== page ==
| Animal traction |
|8. Economic and technical assistance|
Farmers thinking about using animal traction probably have considered its advantages already. Of equal importance is an understanding of how animal traction will affect the overall farm operation. This is where an animal traction instructor can be especially helpful.
Instructors should visit the fields which the farmer intends to plant during the forthcoming season, and the fields left fallow. Only after understanding the existing pattern of land and labor use, and how the farmer calculates yearly needs, can an advisor begin to see where and if animal traction can be used to advantage.
Understanding how and why a farmer uses traditional cropping methods takes both time and great effort. This effort is required in order to match plans and needs; quick judgments concerning the use of animal traction easily can lead to failure.
After studying each situation, an instructor can offer advice concerning the purchase of equipment, how much must be produced to cover the cost of expanded operations, whether donkeys would be more efficient than bulls, and how the use of animals would affect the distribution of labor. It is extremely important, for example, to point out that animal traction increases the amount of manual labor needed for land preparation (clearing), planting, and harvesting, and decreases the amount needed for primary tillage and weeding. Other points concerning labor include:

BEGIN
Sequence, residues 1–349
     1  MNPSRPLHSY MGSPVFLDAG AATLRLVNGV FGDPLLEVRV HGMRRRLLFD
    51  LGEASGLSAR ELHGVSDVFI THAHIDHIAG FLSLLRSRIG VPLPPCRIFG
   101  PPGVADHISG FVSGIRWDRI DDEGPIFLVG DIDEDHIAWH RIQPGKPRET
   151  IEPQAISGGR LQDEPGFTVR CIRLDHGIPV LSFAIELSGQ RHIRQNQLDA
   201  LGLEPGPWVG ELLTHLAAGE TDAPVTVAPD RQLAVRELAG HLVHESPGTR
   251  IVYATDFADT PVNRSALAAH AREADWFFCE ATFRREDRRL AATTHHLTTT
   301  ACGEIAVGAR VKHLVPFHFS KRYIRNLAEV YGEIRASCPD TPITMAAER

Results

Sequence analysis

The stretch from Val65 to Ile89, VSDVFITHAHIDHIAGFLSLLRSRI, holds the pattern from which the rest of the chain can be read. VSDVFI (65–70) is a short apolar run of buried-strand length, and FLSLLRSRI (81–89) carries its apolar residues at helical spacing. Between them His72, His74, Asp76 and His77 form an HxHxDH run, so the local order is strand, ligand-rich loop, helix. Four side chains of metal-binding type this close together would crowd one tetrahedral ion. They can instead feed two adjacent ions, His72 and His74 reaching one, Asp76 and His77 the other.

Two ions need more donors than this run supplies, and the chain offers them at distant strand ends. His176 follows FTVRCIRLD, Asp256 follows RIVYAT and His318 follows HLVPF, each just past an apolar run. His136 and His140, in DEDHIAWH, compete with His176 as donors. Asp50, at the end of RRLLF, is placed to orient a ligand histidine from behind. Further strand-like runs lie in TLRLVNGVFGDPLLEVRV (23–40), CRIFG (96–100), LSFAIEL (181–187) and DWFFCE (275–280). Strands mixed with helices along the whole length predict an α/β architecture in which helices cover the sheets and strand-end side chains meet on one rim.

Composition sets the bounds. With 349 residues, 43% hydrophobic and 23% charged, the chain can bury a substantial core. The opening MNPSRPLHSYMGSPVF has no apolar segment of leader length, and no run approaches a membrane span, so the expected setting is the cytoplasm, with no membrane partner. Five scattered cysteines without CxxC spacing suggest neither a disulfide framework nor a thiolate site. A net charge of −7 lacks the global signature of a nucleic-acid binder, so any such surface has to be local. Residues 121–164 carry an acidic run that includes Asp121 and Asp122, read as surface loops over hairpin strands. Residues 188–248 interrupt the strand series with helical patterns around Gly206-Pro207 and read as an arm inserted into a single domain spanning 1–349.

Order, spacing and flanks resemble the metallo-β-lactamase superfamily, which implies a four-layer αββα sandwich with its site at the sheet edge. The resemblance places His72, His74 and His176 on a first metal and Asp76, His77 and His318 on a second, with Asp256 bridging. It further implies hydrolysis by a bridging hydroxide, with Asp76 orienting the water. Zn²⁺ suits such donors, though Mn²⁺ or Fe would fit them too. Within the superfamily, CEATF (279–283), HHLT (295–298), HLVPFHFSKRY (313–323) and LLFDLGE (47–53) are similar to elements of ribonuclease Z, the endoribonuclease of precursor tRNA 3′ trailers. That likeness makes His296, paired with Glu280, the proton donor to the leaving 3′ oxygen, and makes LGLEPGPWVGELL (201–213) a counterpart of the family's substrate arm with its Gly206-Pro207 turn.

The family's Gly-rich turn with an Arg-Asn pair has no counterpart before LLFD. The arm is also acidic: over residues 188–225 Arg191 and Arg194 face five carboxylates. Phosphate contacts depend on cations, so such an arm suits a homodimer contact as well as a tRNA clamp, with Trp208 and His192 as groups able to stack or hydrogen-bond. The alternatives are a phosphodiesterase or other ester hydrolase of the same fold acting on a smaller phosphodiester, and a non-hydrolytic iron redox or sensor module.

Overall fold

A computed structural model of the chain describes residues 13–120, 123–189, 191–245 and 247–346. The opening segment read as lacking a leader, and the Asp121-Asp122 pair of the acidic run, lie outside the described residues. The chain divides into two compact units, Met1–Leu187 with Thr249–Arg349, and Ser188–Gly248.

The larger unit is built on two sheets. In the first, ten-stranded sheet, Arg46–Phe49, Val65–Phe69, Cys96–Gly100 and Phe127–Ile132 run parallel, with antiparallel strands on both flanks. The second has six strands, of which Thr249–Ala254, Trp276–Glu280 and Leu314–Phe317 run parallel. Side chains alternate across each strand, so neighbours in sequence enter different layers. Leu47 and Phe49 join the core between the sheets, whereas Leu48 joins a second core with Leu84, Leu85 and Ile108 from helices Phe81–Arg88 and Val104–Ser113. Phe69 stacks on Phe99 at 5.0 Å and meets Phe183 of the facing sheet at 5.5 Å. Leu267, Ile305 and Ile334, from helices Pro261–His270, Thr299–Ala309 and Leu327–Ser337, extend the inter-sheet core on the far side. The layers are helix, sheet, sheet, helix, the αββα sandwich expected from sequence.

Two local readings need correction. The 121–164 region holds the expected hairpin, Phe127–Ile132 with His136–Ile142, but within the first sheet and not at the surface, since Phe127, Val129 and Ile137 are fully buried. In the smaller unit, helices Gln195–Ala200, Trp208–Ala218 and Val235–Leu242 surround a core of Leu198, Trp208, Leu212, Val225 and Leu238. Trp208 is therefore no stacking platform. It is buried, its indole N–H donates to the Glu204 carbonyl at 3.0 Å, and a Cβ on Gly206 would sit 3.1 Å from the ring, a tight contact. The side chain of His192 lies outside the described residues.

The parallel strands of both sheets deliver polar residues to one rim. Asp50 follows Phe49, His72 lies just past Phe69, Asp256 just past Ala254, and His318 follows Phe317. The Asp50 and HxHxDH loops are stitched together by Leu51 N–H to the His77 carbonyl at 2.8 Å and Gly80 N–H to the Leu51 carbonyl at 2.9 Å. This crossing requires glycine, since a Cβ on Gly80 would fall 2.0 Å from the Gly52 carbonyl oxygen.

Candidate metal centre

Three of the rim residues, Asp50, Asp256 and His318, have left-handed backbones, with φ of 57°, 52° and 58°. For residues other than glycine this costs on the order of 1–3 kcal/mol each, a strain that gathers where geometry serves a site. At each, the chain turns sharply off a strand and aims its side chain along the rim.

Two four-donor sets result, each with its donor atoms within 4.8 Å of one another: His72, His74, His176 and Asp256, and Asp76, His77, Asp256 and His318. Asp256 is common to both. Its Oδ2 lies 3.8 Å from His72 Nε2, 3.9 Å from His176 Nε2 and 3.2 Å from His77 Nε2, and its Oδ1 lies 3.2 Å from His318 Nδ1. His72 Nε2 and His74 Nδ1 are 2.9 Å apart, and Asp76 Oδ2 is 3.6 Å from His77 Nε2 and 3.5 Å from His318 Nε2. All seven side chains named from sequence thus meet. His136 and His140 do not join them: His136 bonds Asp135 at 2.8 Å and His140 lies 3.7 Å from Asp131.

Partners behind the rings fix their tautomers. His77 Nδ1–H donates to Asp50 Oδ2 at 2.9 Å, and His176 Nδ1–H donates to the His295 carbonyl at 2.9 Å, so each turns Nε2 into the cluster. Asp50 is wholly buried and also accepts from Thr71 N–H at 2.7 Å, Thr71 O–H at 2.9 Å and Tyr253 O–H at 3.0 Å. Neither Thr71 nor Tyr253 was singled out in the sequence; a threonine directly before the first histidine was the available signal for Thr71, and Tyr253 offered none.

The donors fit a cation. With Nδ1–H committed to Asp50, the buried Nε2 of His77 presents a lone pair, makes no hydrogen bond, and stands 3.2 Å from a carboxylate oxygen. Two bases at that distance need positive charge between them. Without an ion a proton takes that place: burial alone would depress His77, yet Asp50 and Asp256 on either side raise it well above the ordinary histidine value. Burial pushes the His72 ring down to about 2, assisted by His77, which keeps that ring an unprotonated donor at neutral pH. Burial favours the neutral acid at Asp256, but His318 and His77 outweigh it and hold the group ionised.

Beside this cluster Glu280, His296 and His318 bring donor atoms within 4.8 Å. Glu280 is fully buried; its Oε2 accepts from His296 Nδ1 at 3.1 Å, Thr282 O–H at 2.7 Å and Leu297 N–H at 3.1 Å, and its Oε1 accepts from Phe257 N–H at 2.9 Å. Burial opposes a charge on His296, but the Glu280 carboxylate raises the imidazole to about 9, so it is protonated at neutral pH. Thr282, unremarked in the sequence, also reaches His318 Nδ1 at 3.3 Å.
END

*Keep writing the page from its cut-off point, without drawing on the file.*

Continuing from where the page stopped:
• Traditional fields can be plowed before laborers hoe them into the mounds or ridges where crops will be planted. The labor caved in this operation can be used to plant additional lands plowed with the animals.
• In mid-season, laborers might be busy weeding traditional fields and unable to help weed fields plowed by animal traction. These fields, therefore, could be arranged so the farmer and the draft team can weed them alone. If crops are grown in regularly spaced rows, the animals will be able to walk between them and pull a weeding device. This concept can be demonstrated by laying a weeding yoke across four lines or ridges representing a planted field. The farmers can then see where the animals will walk and where the weeding plow goes. The line tracer, used to mark the rows before seeding, can also be demonstrated.
• Additional lands planted would not exceed the maximum number of hectares the family labor force could effectively harvest.